International community aims to end female genital cutting

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There are 125 million woman living with FGC, and every year an estimated 3 million more girls are at high risk of experiencing the procedure. International organizations such as the World Health Organization and the United Nations are seeking an end to the practice. (Photo: Somali women protesting against FGC)

In the Middle East and Africa, many infant girls and young woman experience a cultural ritual that goes by many names. Female genital cutting (FGC), female genital mutilation (FGM) and female circumcision are all terms used to describe the process of removing female’s external genitalia. While the proper terminology is debated, many African governments and Middle Eastern countries are trying to put an end to this cultural idea that genitalia removal is necessary, though they are facing the challenge of overcoming a ritual lineage that predates the common era.

The term “female circumcision” has been rejected by woman and children’s rights advocates due to its inaccurate correlation to male circumcision. These groups argue that this comparison is a mistaken depiction, because unlike male circumcision, FGC has no health benefits, impairs fertility, removes sexual pleasure and inflicts lifelong symptoms of pain and health risks.

FGC is the preferred classification over “female genital mutilation,” because of the insensitivity of labeling the women as “mutilated.” Since FGM is a cultural practice, the parents doing the cutting have the intentions of social acceptance, marital opportunities and spiritual cleanliness, not mutilation.

FGC originated in African tribes and spread to the Middle East. Indonesia, Malaysia and India have significant populations of the practice as well. Through migration, FGC has popped up across the globe in Australia, North America and Europe. It is commonly believe that FGC is correlated with one particular religion; however, the practice has been associated with Christians, Muslims and Jews.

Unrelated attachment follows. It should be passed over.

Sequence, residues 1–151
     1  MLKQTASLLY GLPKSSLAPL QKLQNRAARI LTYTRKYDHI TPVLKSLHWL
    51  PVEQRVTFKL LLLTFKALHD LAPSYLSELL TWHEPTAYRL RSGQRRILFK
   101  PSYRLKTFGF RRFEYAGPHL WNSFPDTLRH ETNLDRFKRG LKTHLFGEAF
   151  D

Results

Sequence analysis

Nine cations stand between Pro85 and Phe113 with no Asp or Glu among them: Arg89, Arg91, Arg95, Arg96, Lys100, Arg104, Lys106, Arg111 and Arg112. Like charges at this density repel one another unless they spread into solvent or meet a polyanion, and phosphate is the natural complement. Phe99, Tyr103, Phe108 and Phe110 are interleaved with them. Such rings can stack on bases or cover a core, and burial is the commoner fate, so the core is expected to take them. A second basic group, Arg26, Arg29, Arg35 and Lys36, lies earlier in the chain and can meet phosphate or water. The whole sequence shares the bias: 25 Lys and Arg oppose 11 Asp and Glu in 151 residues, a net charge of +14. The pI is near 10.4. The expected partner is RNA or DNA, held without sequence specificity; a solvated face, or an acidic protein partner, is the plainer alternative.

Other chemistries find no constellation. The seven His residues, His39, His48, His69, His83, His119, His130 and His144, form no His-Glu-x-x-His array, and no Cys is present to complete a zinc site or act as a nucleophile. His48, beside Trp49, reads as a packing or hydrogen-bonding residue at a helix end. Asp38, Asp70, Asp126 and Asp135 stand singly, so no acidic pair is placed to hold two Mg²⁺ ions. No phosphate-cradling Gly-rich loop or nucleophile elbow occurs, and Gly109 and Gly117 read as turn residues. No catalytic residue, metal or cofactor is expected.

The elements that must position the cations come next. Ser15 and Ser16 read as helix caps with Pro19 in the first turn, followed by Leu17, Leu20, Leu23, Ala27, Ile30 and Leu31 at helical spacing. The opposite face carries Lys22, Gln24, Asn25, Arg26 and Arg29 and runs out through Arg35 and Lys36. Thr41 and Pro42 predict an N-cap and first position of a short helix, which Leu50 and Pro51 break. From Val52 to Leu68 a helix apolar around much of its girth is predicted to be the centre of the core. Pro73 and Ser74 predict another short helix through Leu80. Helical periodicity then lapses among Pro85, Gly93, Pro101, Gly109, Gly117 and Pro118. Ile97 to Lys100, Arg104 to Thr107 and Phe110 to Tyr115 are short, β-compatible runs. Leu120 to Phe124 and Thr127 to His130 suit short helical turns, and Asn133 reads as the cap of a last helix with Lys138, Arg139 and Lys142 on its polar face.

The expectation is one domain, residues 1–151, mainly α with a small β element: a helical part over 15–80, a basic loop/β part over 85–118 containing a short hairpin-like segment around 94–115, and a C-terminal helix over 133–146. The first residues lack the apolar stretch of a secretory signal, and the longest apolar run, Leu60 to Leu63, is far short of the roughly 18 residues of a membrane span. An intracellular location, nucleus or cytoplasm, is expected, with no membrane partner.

Many people assume that FGC is an ancient practice similar to Chinese women footbinding. However, it is very much alive and is expanding to further countries and generations. In the first half of the 1900’s, some American and European surgeons practiced female circumcision. It was believed to be a cure for psychological disorders, marital problems and other radical medial theories.

Today there are 125 million women living with FGC, and every year an estimated 3 million more girls are at high risk of experiencing the procedure. There are 29 countries known for widely practicing FGC. In Somalia, 97.8 percent of the female population is living with FGC, and in Egypt 91.1 percent of women are experiencing the practice. For countries like Australia who have 100,000 immigrants that were born in countries of highly concentrated FGC practice, there is a high risk for the practice to continue. Advocacy against FGC has become important to many non-practicing countries to prevent the endorsement of this cultural practice.

FGC is classified as a human rights violation by many international organizations due to the non-consensual manner and life-threatening health implications. Typically, FGC is performed using unsanitary knives or razors within tribes and villages that do not have modern medical facilities. Anesthesia is not available in these rural communities, and the girls have to undergo the surgery without medication or numbing. Bleeding caused by the cutting is severe and can be fatal.

In extreme cases, the genitalia is stitched together after external removal, leaving a small opening for bodily fluids and intercourse. This causes lifelong pain for everything from urination to childbirth. FGC has a large impact on pregnancy. Approximately 25-30 percent of all victims are left infertile. If women are able to conceive, the surgery’s scars easily reopen during childbirth, making mothers and infants prone to infection.

Activists such as World Health Organization (WHO) are taking steps to end FGC. Many communities define FGC as empowerment, status and cleansing. Edcational programs and missionaries are making their way through these regions to help woman redefine empowerment and understand then damaging effects of FGC.

[Sources: www.orchidproject.orgwww.fpv.org.auwww.womenshealth.gov]

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